NEW YORK — Police unions should be able to appeal a federal judge's ruling that the New York Police Department's stop and frisk policy violated civil rights even though the city no longer wants to fight, union lawyers argued Wednesday.
A lower court judge has said the unions did not signal soon enough their wish to be included in the case, heard last year in federal court. U.S. District Court Judge Shira Scheindlin ruled after a 10-week civil trial that the NYPD's stop, question and frisk policy sometimes discriminated against minorities. She ordered sweeping reforms and installed a monitor to oversee the changes.
Then-Mayor Michael Bloomberg's administration appealed her decision, but Mayor Bill de Blasio dropped the appeal when he came into office this year. The police unions want to continue the fight.
The unions believe the ruling damaged their officers' reputations and worry they won't be able to bargain on the reforms ordered that involve training, discipline and other changes, their lawyers told a three-judge panel of the 2nd U.S. Circuit Court of Appeals on Wednesday.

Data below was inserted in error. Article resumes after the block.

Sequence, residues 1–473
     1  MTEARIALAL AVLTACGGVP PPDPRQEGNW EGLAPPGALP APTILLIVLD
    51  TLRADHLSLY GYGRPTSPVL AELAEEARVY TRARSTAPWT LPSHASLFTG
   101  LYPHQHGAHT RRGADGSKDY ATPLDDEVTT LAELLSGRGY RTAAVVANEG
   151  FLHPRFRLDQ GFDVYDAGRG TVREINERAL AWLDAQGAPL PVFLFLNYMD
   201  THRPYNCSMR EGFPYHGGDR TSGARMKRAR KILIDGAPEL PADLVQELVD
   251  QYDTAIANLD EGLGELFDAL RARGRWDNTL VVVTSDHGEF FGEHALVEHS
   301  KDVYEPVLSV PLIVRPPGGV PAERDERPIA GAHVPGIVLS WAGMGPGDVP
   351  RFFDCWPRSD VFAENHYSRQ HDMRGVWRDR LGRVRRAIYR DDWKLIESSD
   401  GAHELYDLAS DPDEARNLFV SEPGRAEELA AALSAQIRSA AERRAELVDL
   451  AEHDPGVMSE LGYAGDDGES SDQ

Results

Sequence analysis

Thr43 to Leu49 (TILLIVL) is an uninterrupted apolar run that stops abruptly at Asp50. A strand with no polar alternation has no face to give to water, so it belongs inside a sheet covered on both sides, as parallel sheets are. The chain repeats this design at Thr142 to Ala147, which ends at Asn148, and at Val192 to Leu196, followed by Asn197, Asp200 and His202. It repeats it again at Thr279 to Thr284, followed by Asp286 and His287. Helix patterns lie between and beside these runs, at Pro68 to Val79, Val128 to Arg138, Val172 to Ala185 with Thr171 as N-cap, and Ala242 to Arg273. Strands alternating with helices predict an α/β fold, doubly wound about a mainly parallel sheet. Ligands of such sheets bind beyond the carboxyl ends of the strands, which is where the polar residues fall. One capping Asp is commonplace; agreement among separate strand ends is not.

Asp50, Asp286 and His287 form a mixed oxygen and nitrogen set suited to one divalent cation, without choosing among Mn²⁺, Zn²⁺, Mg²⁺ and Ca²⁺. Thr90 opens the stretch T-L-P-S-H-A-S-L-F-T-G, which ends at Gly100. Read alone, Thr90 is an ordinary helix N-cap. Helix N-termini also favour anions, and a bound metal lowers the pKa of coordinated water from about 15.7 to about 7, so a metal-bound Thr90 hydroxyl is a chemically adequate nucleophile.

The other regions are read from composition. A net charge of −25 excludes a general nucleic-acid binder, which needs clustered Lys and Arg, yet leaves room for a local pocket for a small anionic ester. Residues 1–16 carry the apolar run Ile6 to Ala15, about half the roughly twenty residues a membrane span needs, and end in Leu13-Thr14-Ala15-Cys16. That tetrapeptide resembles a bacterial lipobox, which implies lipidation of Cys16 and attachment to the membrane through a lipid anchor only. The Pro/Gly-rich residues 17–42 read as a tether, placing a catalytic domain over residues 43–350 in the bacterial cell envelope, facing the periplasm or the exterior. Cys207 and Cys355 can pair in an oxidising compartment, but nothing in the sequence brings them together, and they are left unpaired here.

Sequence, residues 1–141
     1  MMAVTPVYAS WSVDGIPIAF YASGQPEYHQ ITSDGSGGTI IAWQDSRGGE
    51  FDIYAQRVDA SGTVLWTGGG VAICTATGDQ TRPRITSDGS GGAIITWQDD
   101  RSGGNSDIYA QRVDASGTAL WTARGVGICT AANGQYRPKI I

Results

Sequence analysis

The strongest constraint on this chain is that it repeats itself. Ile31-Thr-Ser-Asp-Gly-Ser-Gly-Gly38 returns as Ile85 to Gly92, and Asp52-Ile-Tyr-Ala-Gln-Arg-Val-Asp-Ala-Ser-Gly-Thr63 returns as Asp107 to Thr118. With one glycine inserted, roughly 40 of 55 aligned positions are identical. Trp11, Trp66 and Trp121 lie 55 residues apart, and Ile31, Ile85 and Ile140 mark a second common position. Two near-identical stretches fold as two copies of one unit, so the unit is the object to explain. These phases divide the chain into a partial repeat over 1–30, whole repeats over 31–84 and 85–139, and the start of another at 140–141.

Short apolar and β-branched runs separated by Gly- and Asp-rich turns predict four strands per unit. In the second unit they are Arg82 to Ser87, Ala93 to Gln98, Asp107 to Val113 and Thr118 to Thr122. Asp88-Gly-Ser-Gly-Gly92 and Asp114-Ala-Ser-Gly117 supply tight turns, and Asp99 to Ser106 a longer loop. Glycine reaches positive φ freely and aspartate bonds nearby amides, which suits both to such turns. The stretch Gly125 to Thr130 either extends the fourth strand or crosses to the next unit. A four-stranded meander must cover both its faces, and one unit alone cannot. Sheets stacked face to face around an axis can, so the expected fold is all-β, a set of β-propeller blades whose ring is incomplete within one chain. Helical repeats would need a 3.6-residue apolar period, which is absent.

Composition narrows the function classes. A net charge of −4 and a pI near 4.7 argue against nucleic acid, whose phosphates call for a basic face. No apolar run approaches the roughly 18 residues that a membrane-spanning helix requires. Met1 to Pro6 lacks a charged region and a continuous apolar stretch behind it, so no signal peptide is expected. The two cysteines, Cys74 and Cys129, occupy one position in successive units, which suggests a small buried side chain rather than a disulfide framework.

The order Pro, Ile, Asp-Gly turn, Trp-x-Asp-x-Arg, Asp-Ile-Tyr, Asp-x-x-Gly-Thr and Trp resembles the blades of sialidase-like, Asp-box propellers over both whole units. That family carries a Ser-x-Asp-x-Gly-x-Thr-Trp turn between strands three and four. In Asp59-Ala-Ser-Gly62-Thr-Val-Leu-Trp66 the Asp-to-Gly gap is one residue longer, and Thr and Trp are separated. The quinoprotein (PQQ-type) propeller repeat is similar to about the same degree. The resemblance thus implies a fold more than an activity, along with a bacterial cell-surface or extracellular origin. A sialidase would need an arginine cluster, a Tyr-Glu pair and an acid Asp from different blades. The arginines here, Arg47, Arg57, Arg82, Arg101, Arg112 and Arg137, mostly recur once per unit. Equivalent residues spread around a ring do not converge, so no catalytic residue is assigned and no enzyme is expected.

The judges peppered the attorneys with challenges. Judge Barrington Parker Jr. said it would be highly unusual for an appeal to proceed when the actual parties in the case have agreed to settle — whether the unions like it or not.
It's a new regime "that wants its police department to behave differently," Parker said. "It's a part of the democratic process."
"You can't rewind the clock to what it was before the de Blasio administration took office," Judge John Walker Jr. said.
Meanwhile, the NYPD has already started implementing some of the suggestions made in the ruling on its own. For example, a pilot program of body-worn cameras is being developed in five precincts, and the form officers fill out to record a stop and frisk was being revised. Officers already receive training on how to properly stop someone.
Since before the trial, streets stops have been on decline from a high of more than 685,000 in 2011. In the first half of this year there have been 27,527 stops. In two of the precincts that recorded the most stops, both in Brooklyn, there have been 126 stops, compared with 10,540 in 2011.
Lawyers for the city, which spent years fighting the case, now say they're ready to turn the page. They say it will take five years to reform the process, three under a court monitor and two with the city's new inspector general overseeing reforms.
"The city's policymakers have decided to reform stop and frisk and not to continue this fight," said attorney Richard Dearing. "We are looking forward."